The population of Yak, the long haired friendly bovine found in the Himalayan region, has been undergoing a steep decline. It is to be noted there are about only 65000 yaks in the country. Out of that, 13,000 are found in Arunachal Pradesh. So it was a cause of great concern to see the yak population dwindling. Well not anymore.
The scientists at the National Research Centre on Yak (NRCY) at Dirang now claim that they have been able to bring down the Yak deaths caused by the parasitic Babesiosis disease by around 90%. Also contributing to the same are poor management practices and inbreeding.
The domesticated animal is the main source of livelihood for hundreds of herders, traditionally known as Brokpas. And with the dwindling population, the Brokpa population also went down.
However due to scientific intervention, production of yaks have increased by 10% to 15% in the last five to ten years. Scientific mediation in rearing techniques has not only increased the yak population from 9000-odd in 2003 to over 14,000 now, it has also convinced the Brokpas that they can rear animals without having to constantly move from one place to another.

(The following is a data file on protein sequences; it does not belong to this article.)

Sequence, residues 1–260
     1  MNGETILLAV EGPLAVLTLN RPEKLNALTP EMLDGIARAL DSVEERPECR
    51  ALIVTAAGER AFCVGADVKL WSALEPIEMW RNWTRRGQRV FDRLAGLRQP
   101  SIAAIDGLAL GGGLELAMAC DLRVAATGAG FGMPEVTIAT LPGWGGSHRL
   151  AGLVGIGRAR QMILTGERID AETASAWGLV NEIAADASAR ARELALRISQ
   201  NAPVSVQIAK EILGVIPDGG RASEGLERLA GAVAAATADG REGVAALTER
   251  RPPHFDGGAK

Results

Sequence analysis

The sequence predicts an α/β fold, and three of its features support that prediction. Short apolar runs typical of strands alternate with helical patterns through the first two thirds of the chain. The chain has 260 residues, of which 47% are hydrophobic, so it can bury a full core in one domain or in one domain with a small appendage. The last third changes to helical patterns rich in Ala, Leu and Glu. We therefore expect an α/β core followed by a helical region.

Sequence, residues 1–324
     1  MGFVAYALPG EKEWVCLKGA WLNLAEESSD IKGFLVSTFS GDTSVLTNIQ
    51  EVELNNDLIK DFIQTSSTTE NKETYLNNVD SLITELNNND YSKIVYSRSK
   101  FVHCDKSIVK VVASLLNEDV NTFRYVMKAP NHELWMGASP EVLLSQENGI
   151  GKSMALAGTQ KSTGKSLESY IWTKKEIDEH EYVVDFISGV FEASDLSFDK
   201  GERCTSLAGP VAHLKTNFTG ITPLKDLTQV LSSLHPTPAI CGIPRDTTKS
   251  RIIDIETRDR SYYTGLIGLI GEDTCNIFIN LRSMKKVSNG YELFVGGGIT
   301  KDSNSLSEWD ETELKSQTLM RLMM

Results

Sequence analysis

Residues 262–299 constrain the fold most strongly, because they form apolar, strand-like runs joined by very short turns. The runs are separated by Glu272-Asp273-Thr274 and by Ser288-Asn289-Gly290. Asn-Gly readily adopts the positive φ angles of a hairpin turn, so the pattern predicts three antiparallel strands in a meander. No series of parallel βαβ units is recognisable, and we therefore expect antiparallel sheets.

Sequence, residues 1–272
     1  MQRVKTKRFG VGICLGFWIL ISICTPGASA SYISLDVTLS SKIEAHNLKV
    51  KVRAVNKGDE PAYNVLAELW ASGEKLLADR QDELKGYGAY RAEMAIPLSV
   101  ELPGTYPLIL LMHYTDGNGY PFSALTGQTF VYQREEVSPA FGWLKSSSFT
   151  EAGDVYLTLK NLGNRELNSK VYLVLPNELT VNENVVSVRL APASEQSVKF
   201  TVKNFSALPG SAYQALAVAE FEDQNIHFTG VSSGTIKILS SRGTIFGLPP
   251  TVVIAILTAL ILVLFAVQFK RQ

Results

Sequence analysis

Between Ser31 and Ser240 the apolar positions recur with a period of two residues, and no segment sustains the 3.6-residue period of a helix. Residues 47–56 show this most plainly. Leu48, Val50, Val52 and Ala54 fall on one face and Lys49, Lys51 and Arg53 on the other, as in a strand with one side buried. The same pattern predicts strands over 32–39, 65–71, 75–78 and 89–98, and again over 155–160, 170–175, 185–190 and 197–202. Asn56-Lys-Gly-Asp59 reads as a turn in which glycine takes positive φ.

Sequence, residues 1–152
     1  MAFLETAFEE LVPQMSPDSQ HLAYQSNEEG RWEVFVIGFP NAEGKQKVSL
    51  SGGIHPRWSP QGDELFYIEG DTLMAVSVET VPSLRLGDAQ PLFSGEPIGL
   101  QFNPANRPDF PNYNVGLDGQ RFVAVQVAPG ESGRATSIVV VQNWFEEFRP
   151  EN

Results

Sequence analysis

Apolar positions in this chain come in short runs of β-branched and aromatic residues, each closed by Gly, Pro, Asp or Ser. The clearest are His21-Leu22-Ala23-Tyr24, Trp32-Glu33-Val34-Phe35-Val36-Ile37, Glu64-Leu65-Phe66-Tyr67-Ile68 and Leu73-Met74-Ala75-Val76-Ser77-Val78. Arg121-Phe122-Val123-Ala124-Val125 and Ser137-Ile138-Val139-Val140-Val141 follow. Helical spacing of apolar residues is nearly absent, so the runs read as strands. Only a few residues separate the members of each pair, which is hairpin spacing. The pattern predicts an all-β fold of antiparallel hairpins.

The NRCY is the country’s only research facility on yaks. And together with Army and the Indo-Tibetan Border Police, brought around 300 yak farmers to a Yak Mela in West Kameng district. The mela is organized every year to encourage yak farmers to adopt more scientific methods of rearing their livestock and expose them to new technologies in animal husbandry.